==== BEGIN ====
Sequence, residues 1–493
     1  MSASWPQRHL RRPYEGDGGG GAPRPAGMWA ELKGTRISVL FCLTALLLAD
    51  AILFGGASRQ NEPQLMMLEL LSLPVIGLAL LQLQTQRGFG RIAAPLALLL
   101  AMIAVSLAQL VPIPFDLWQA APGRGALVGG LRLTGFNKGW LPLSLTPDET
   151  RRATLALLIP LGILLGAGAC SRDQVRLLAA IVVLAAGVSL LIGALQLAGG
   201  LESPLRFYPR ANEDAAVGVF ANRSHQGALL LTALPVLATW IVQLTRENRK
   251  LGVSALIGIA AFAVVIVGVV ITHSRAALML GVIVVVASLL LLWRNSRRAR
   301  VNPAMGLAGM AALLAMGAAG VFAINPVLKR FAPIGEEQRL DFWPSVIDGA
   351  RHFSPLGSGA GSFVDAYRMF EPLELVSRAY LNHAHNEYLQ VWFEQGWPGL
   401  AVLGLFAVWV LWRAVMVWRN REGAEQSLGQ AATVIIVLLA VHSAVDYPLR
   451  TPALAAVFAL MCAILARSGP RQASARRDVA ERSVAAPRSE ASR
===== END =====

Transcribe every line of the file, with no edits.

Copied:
Sequence, residues 1–493
     1  MSASWPQRHL RRPYEGDGGG GAPRPAGMWA ELKGTRISVL FCLTALLLAD
    51  AILFGGASRQ NEPQLMMLEL LSLPVIGLAL LQLQTQRGFG RIAAPLALLL
   101  AMIAVSLAQL VPIPFDLWQA APGRGALVGG LRLTGFNKGW LPLSLTPDET
   151  RRATLALLIP LGILLGAGAC SRDQVRLLAA IVVLAAGVSL LIGALQLAGG
   201  LESPLRFYPR ANEDAAVGVF ANRSHQGALL LTALPVLATW IVQLTRENRK
   251  LGVSALIGIA AFAVVIVGVV ITHSRAALML GVIVVVASLL LLWRNSRRAR
   301  VNPAMGLAGM AALLAMGAAG VFAINPVLKR FAPIGEEQRL DFWPSVIDGA
   351  RHFSPLGSGA GSFVDAYRMF EPLELVSRAY LNHAHNEYLQ VWFEQGWPGL
   401  AVLGLFAVWV LWRAVMVWRN REGAEQSLGQ AATVIIVLLA VHSAVDYPLR
   451  TPALAAVFAL MCAILARSGP RQASARRDVA ERSVAAPRSE ASR